Working up a sweat
How important are a university’s gym facilities to today’s students and how are institutions ensuring their offerings hit the mark? Keri Beckingham dons her trainers
Frequently a neglected facility in days gone by, the university gym has been reborn for a generation that prefers push-ups to pints. The prevailing fitness culture is reflected in the elevated importance – and investment in – these temples of exercise. They’re a showpiece for prospective students, a social hub during term time and a valuable community asset in the holidays. It’s little wonder universities are spending big money on improving and replacing their ageing gyms.
Attracting the future
Nick Conway is managing director of ITC, a construction company that has recently worked with UCL. He thinks there’s a greater expectation placed on universities to provide quality facilities such as gyms, as a result of increased tuition fees and the fact that many prospective students now consider more than just academic rankings when making a Ucas application. He says: “Students want to enjoy the same level of facilities that they would in dedicated, private gyms. The booming fitness market is driving expectations and demand, and universities need to keep pace to attract students.”
Ben Sandham is sales area manager, health corporate and performance for Technogym UK, which has designed gym equipment and fitness solutions for a range of universities such as Loughborough and Lancaster. He also agrees that today’s students are choosing institutions based on the quality and standard of their fitness facilities, and says changes to the way that students spend their leisure time has forced universities to up their game. He says: “Students now expect universities to provide the same sports facilities that they have experienced in their schools or private gym, and they want them to be of a professional standard.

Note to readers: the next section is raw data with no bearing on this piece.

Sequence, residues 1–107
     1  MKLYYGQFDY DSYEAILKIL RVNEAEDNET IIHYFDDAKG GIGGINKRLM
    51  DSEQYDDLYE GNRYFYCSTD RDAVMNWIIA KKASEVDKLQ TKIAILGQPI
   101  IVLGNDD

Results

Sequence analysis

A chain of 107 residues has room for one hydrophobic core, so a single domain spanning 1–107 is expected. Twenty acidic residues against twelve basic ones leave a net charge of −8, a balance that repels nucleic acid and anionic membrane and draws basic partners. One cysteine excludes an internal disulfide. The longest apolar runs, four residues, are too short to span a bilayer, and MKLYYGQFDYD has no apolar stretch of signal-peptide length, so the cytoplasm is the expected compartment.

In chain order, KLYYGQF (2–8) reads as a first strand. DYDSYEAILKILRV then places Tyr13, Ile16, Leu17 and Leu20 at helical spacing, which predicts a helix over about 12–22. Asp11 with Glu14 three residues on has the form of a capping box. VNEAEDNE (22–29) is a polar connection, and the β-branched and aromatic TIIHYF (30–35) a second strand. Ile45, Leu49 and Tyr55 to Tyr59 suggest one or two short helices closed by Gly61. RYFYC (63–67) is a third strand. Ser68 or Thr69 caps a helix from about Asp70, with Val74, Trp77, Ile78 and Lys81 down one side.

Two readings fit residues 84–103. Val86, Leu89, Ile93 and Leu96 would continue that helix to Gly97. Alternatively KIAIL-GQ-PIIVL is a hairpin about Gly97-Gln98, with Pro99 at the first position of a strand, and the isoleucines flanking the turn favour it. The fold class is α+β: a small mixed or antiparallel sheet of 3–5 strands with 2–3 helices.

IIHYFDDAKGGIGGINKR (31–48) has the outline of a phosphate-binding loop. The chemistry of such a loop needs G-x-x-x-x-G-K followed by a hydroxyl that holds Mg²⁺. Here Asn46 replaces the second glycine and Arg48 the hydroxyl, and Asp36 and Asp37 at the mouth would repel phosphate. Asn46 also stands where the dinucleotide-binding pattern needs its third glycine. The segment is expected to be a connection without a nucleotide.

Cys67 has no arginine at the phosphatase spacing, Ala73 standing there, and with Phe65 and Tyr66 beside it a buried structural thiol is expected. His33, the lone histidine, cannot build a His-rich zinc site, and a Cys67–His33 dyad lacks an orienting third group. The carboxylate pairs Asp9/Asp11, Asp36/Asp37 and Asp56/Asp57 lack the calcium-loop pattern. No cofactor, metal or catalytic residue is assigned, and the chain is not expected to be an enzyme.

“Today the university gym is a destination for a night out, rather than a night club, as today’s students are increasingly choosing to spend their money on working out. We’ve even seen some gyms host DJs on a Friday night, which is proof that the student lifestyle has changed.”
Why getting your gym right matters
Insights from Lisa Dodd-Mayne, director of sport and active lifestyles at University of Warwick
The University of Warwick is on a mission to build the UK’s most active university campus, and a key pillar to getting our community moving is a cutting-edge gym design.
When designing the gym, it was essential that there was something for everyone as our facility caters not just to the students, but also to our staff and the wider community. To enable our members to get active in a way that suits them, we created different zones on the gym floor to provide experiences that would appeal to every type of user, from the performance athlete, to the everyday gym member.
We wanted to deliver an exceptional experience to our members, so we chose to partner with Technogym. Working together, we have ensured that innovation is at the heart of our facility, with state-of-the-art solutions like Artis Line, which gives our members access to engaging digital experiences and even the ability to log into their own personal content during a workout. Across the gym floor, we have also invested in dedicated Skill Line zones, showcasing the dynamic range of products built with performance athletes in mind.
To enhance our membership journey further, we will be launching the Warwick Wellness app powered by Technogym, which will allow our members to manage their fitness journeys seamlessly from their phones. Using the app, members will be able to follow bespoke workout programmes, monitor their progress with our Wellness Assessments and take part in challenges with fellow gym-goers.
Hitting the mark
With new fitness trends and classes emerging all the time, universities need to ensure that their gym facilities are able to accommodate these latest developments as well as cater to traditional forms of sport. For Conway, this means that as well as providing specialist equipment, they also need to create a series of functional spaces to offer students the best possible experience for both individual and group workouts.